Car insurance boost for drivers as 'loyalty pricing' to be banned

“Radical” reforms from Financial Conduct Authority will force insurers to match car insurance renewal prices to those offered to new customers

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The practice of “loyalty” pricing, whereby insurance firms dramatically and automatically increase premiums for drivers renewing their policies, is set to end, after the Financial Conduct Authority (FCA) announced it intended to outlaw the practice.

Car insurance policies typically bring with them automatic renewal, which sees drivers re-enrolled with their provider for another year unless they actively cancel their policies. Those not shopping elsewhere at the point of renewal tend to find that the price quoted for another year’s cover is significantly more expensive than their expiring insurance was.

Under the proposals, insurers will have to offer renewing customers the same price they would be given were they a new customer purchasing via the same route the policy was originally purchased through. This means someone who used a price comparison site to buy their insurance would be given a renewal price that is equal to a new customer using the same comparison tool. 

Insurers typically make £1.2bn from applying loyalty pricing to six million insurance policyholders every year. The practice puts those who are unable to easily shop around - such as older people who may not have easy access to, or familiarity with, online comparison sites - at enormous financial disadvantage.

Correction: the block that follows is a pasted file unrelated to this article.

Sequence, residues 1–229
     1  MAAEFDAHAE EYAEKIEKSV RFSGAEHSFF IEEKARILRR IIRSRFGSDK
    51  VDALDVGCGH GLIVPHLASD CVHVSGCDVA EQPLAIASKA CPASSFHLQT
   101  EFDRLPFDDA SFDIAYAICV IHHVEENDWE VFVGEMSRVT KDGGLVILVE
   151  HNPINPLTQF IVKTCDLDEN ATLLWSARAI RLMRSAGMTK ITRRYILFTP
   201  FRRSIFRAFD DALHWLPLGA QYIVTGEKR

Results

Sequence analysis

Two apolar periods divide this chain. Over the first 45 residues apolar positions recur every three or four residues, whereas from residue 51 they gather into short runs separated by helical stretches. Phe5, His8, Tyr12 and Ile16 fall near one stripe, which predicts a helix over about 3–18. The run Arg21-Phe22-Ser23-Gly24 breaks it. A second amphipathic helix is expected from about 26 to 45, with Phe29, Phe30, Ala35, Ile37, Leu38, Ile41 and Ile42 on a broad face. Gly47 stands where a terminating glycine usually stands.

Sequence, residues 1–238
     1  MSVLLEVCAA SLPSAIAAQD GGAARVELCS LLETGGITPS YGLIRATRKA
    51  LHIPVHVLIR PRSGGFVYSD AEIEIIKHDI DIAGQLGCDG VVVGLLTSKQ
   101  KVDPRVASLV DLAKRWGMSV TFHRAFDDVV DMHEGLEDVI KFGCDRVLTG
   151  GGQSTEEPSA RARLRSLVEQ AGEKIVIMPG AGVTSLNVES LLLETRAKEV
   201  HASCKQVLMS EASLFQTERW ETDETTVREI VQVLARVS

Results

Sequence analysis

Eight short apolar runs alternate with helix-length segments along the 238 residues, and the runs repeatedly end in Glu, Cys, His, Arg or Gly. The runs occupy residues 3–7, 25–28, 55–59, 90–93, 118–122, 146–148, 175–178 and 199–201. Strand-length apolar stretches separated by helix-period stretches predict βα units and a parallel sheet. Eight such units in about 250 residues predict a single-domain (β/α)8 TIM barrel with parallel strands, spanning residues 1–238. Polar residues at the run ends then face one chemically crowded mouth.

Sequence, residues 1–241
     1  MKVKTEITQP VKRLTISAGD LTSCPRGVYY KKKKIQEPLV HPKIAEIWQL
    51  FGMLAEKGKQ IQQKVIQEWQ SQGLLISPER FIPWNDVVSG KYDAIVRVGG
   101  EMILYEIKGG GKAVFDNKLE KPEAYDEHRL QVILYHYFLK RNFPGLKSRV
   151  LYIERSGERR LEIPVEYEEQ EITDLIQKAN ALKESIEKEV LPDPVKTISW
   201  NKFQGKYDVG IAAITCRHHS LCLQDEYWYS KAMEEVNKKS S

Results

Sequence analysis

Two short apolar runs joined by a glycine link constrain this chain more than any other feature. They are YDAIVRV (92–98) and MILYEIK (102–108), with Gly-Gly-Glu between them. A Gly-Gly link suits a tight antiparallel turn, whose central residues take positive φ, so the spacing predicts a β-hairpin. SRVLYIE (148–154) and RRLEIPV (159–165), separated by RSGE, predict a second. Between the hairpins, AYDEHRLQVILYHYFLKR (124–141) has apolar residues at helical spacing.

The FCA, which regulates the UK insurance industry, is seeking to outlaw the “complex and opaque” loyalty pricing schemes used by insurers, who the watchdog says, “target price increases on consumers who are less likely to switch and use practices that make it harder for people to leave.” The FCA also intends to reduce the amount insurers are allowed to spend when marketing to people who are likely to be “highly profitable long term customers.” The FCA is putting these proposals out for consultation until January 2021, and will publish the results of this, along with detailed new rules, after this.

The organisation says it will “will look closely at how firms could change or adapt their business models in response to our proposed potential remedies. ”While the proposed reforms may take time to come about, the FCA ultimately has the power to withdraw or suspend an insurer’s ability to operate on the market, and can also issue fines. The loyalty pricing rule changes will also apply to home insurance, which falls under the same 'general insurance' umbrella as motor cover.

Christopher Woolard, the FCA's interim chief executive, said: "We are consulting on a radical package that would ensure firms cannot charge renewing customers more than new customers in future, and put an end to the very high prices paid by some long-standing customers. The package would also ensure that firms focus on providing fair value to all their customers. We welcome feedback on the proposals."

James Blackham, chief executive of By Miles, a pay-by-mile car insurance provider, called the news “a huge win for UK consumers”, highlighting that “the loyalty penalty takes advantage of time-poor, trusting and often vulnerable consumers.”

Blackham added: “We applaud the strong measures and the detailed report that fully considers all the consequences set out today. The FCA must now act quickly to put these new rules in place to end ‘price walking’ and the loyalty penalty for good.”

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